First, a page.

Amidst all of the hullabaloo about artificial intelligence (AI), machine learning (ML) and other new technological approaches to operational risk, practitioners of the discipline should pause and reflect. What are they doing with the operational risk data they are collecting at the moment? Could they be driving much more value from this operational risk data for their business?
This is the first blog in a four-part series of blogs that explores how operational risk professionals could be getting much more business value out of their data today – enabling their organization to thrive. The first area of data collection we will look at is risk and control self-assessment (RCSA) data, which financial services firms often collect and then forget about.
Getting RCSA culture right
RCSA data often gets ignored because it’s viewed as subjective, and therefore of minimal value – it can rapidly become an activity that is completed only because the regulator asks for it. This can become a vicious cycle – these attitudes can quickly undermine the value that can be derived from RCSAs because the responses that are given in the exercise may not be seriously considered ones – thereby generating poor-quality RCSA data.
The reality is that RCSA data can be immensely valuable – operational risk managers need to challenge the tone that is coming from the top about RCSAs, and actively challenge the responses received to RCSAs from the business for authenticity. Through challenge, the organization’s cultural values around RCSAs will begin to change, producing much more thoughtful responses. Good RCSA response data can help an organization better understand:
• When controls have failed (an unexpected event)
• When controls are working (day-to-day event)
• How good controls are (in theory and in reality).
Good RCSA data is ultimately good for the business – operational risk managers need to actively communicate that to their organizations.
Understanding controls better
There are four different types of controls that organizations have, and which RCSA data can shed light on. These include:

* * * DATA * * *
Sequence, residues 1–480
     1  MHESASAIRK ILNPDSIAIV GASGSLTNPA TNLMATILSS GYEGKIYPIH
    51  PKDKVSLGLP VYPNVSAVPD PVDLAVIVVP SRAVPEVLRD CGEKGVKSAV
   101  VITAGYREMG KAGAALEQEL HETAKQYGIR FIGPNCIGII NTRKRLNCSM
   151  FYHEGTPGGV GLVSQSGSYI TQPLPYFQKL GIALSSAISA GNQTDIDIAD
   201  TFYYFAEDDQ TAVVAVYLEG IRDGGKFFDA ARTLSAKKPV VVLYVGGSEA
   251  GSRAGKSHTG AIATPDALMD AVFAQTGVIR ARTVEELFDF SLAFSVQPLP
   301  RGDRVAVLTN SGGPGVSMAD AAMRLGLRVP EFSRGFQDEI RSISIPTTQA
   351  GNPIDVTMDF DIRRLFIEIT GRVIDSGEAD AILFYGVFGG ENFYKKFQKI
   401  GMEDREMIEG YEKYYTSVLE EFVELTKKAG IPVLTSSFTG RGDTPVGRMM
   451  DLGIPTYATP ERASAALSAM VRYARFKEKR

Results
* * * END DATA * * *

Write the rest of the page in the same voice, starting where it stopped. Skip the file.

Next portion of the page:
• Directive controls – These controls help prevent risks from materializing through policies and procedures.
• Preventative controls – These also help prevent operational risk events from occurring, and can sometimes be automated.
• Detective controls – Such controls tell the organization that a risk event has taken place.
• Corrective controls – These are also for after a risk event has taken place, and help the organization “put things right” – disaster recovery would be one example.
Ideally, an organization would have one of these types of controls in place for each risk it has, although this is not always possible. The first two control types focus on the likelihood of an event occurring, while the second set ameliorate the impact. So, for example, if a firm has lots of directive and preventative controls but no truly effective detective or corrective controls for a type of risk event, the impact of such a risk event could be significant in terms of cost.
Analyzing RCSA data
Organizations should be using their RCSA data to create Risk and Control Profiles. Such a profile would contain the following elements, most of which are derived from RCSA data:
• The name of the risk and any ID number associated with it
• The inherent impact and inherent likelihood, expressed as a score
• The residual impact and the residual likelihood, expressed as a score
• Target impact and target likelihood, derived from the risk appetite statement
• A list of the individual controls for that risk
• Scores for both the design of the control and the performance of the control
• A score for the effectiveness of the overall control environment, which is calculated by multiplying the design and performance scores together.
Through such a report, operational risk teams and the business can sense check the validity of the RCSA information. They are also able to see in a much clearer way just how the quality and structure of the control environment is affecting either the likelihood or impact of their risks. In one place, stakeholders can see how well the organization is positioned to manage a risk within its stated risk appetite.
This data can also be turned into a radar chart, or “spider gram”. By plotting risks against control effectiveness, it’s easy to compare how well the controls are working, versus the risks. The business can see how well risks are controlled – if they are under-controlled or over-controlled.
In short, by using risk assessment software and data already at their disposal in new ways, operational risk teams can help the business to better understand the risk and control environment within the organization, and make decisions about it. Business executives will develop a more thoughtful understanding of the value that risks and controls bring to the business, and how evolving this environment can enable the business return more value to shareholders.
The three blogs that follow this first one will look at how operational risk teams can better use the data created by KRI programs and loss event data collection. The final blog will explore how firms can undertake a useful cost-benefit analysis of their control environment using data they already have.
Chase Cooper provides operational risk management software and SaaS to enable your firm to improve the way it uses RCSA data in reporting to the business, senior management, and the board. To learn more please contact us.